Humans first discovered Komodo Dragons in 1910 in the Lesser Sunda group islands of Indonesia. Although fossils indicate that Komodo Dragons have existed for approximately 3.8 million years, there were no official records of the lizard until Dutch Lieutenant van Steyn van Hensbroek killed one in Indonesia and sent the specimen to a zoology museum, where it was determined to be a newly discovered lizard species. The Komodo Dragon population is estimated to be around 3,000 to 5,000, according to 2014 figures. It is considered an endangered species because of poaching, natural disasters, human activity, and a decline in females laying eggs.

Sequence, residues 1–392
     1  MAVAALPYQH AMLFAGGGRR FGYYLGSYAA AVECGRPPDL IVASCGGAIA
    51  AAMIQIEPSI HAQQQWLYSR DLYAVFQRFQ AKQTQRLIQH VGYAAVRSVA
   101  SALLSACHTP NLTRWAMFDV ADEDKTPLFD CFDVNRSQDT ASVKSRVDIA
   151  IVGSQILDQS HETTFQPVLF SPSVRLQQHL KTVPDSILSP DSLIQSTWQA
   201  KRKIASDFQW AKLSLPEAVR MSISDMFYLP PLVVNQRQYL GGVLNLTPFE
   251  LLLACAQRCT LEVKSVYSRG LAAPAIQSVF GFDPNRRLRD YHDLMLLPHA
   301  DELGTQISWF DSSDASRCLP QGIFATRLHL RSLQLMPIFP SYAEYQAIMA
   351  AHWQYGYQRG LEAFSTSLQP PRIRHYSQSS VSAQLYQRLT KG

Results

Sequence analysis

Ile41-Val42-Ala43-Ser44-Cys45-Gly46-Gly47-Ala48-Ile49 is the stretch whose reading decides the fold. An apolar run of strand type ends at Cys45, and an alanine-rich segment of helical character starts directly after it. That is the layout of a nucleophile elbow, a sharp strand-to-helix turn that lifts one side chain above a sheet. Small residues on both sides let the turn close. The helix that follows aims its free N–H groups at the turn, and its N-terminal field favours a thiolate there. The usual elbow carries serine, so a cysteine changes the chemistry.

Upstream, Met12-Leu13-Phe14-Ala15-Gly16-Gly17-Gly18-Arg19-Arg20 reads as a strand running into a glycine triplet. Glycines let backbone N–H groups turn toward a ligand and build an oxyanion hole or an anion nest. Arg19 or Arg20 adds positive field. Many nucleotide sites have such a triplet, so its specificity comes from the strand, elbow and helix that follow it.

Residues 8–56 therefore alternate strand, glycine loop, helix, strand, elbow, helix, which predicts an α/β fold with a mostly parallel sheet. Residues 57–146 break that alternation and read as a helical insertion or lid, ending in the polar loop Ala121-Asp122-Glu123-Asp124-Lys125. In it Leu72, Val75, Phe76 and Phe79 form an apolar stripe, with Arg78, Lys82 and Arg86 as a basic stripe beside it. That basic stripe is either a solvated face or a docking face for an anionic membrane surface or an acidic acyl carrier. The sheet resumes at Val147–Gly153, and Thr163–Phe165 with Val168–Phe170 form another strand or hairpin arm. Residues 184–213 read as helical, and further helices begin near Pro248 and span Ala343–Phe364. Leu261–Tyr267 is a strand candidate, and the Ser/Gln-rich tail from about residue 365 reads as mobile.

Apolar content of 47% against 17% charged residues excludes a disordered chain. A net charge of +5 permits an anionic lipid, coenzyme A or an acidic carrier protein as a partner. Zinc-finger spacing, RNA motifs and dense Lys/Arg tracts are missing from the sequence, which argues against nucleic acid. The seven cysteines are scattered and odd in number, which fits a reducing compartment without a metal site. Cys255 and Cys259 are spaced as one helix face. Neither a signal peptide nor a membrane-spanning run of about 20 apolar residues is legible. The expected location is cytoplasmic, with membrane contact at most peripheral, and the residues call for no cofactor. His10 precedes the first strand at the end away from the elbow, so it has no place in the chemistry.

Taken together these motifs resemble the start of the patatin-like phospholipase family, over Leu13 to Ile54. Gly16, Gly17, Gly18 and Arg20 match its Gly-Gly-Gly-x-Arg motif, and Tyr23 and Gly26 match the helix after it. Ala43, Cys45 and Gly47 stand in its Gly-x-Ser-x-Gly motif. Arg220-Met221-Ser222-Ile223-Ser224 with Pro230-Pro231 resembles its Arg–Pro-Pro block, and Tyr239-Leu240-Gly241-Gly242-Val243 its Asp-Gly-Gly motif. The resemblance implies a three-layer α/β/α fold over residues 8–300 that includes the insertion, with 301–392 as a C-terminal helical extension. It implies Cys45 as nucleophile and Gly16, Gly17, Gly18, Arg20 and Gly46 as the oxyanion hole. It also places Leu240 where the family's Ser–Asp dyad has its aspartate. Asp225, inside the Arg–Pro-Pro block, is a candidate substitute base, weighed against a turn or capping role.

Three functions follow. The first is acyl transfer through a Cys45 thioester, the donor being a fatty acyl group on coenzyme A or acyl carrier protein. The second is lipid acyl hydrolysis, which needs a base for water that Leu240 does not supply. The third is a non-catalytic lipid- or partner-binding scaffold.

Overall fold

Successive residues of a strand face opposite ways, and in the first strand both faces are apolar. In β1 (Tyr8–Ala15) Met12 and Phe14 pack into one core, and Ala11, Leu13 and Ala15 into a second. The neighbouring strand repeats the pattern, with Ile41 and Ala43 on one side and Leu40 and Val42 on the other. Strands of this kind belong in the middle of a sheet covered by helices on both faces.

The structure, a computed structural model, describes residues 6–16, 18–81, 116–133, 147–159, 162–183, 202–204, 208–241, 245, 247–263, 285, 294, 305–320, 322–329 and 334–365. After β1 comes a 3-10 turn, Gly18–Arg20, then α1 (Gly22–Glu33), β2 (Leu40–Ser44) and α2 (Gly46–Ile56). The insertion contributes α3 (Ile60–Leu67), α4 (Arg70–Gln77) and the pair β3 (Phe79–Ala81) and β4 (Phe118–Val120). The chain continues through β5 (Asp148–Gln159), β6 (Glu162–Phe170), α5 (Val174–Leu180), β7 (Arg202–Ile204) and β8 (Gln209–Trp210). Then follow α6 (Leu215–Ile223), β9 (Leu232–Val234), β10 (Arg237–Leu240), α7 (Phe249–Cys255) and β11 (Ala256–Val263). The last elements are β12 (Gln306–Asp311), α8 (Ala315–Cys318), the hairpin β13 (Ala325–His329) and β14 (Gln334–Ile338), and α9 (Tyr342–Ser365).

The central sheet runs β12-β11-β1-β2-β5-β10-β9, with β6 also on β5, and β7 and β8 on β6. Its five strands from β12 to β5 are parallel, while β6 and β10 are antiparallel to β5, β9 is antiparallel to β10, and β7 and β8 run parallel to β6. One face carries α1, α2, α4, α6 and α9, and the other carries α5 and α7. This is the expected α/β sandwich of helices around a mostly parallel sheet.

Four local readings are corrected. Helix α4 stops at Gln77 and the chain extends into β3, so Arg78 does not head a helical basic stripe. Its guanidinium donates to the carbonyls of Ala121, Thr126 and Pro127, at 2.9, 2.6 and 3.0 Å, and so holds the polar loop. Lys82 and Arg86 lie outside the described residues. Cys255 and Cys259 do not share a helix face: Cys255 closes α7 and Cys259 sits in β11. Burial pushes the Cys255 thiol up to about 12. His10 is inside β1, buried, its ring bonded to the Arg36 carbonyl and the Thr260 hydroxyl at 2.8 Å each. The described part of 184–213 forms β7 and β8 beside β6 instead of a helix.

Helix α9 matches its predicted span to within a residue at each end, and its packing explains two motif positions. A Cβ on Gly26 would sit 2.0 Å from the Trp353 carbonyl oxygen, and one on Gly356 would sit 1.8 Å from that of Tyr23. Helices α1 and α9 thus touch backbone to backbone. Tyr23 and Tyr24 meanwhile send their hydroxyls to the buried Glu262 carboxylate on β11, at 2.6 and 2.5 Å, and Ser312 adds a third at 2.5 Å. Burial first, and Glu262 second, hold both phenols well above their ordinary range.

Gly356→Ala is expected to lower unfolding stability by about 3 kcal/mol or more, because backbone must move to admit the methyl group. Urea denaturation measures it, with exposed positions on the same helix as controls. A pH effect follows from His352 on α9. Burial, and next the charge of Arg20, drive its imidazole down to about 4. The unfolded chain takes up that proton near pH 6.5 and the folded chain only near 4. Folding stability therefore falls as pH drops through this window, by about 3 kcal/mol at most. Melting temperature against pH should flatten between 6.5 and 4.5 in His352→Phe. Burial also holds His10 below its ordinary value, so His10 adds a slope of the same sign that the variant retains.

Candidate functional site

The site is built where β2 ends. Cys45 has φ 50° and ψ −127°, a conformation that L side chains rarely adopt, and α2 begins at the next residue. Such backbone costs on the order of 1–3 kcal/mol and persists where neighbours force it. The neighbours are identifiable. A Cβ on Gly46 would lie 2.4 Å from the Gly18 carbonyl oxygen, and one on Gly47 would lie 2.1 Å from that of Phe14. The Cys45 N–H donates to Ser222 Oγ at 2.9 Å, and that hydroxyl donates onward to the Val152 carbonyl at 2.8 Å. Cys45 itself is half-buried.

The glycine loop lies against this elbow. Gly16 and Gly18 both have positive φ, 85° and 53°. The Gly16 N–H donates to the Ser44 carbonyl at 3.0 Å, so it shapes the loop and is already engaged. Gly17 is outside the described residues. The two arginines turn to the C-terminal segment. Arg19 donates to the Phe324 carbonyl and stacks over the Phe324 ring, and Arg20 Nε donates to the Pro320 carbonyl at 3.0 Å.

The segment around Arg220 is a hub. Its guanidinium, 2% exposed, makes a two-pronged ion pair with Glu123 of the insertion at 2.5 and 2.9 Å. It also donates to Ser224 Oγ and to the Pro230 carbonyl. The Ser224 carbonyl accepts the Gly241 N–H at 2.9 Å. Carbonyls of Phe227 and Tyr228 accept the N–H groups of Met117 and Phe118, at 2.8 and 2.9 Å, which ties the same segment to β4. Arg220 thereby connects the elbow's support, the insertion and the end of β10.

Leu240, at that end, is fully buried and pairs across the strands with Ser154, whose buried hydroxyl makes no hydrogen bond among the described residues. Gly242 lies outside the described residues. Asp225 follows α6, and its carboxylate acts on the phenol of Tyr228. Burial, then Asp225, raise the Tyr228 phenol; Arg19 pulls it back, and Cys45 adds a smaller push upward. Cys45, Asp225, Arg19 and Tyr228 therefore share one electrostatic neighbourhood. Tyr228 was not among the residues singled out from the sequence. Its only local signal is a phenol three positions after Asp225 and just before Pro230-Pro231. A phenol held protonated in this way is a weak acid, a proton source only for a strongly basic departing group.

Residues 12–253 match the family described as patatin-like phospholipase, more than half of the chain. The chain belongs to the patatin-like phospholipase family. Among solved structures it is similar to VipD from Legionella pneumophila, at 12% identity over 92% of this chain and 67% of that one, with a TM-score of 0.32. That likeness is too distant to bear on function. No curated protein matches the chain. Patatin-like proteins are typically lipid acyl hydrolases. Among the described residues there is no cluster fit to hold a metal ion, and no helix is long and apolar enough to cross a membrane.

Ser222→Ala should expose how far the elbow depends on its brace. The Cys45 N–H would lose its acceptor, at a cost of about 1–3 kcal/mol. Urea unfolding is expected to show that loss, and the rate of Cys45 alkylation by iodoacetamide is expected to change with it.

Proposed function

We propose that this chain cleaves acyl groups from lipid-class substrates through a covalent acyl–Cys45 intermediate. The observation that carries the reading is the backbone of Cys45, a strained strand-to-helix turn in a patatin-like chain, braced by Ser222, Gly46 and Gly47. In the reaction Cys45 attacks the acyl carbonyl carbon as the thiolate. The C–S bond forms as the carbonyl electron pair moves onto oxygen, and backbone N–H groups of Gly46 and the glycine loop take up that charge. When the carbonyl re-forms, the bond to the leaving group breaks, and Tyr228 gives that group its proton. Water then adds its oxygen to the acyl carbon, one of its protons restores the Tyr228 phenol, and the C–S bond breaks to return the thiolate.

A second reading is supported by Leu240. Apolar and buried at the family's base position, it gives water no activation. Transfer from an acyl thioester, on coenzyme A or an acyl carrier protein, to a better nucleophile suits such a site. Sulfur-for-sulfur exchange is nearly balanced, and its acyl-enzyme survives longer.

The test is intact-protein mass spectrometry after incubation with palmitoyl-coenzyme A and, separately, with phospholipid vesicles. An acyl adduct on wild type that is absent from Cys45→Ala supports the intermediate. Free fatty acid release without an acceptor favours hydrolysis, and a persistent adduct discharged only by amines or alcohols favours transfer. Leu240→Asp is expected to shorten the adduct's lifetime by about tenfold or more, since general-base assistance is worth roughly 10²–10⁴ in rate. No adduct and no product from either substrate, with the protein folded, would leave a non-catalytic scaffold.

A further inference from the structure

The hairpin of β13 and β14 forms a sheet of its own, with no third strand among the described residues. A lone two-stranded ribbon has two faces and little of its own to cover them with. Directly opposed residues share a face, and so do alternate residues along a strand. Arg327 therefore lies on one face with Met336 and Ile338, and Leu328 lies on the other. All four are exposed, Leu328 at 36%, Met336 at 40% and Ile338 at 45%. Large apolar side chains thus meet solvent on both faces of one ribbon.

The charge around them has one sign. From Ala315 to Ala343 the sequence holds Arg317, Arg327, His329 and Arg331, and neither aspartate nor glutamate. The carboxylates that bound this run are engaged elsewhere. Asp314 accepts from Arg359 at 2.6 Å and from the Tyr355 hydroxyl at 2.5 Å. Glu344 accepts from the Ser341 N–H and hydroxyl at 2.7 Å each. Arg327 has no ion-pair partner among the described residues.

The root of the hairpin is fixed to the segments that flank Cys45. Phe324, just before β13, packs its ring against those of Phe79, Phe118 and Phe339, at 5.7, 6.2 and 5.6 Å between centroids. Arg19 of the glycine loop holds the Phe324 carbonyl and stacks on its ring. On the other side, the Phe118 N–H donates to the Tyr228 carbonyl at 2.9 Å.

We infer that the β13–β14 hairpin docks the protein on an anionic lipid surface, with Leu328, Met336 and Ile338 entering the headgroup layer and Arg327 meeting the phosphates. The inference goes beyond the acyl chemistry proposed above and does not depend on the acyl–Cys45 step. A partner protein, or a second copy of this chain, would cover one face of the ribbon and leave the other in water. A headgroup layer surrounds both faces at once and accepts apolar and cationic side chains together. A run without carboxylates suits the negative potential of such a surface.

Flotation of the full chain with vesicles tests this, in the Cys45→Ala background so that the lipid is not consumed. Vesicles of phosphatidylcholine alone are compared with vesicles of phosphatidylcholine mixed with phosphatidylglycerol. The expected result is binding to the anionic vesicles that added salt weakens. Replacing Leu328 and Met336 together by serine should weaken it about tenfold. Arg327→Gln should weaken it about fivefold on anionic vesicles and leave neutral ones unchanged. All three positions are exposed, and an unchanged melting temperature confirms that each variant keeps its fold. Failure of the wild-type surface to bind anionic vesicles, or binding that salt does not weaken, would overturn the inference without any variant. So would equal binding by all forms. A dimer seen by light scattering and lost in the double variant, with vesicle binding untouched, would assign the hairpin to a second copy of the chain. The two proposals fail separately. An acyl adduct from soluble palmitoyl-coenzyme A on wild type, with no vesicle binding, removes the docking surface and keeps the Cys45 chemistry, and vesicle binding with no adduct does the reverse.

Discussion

More about Komodo Dragons:
- Komodo Dragons are the largest lizard species, and can weigh over 300 pounds (136.1 kg) and grow approximately 10 feet (3 meters) long.
- A bite from a Komodo Dragon is typically deadly because their saliva may contain around 50 types of bacteria that can result in blood poisoning.
- Komodo dragons have a strong sense of smell that allows them to detect odors from up to 2.5 miles (4 km) away, which they use to find prey.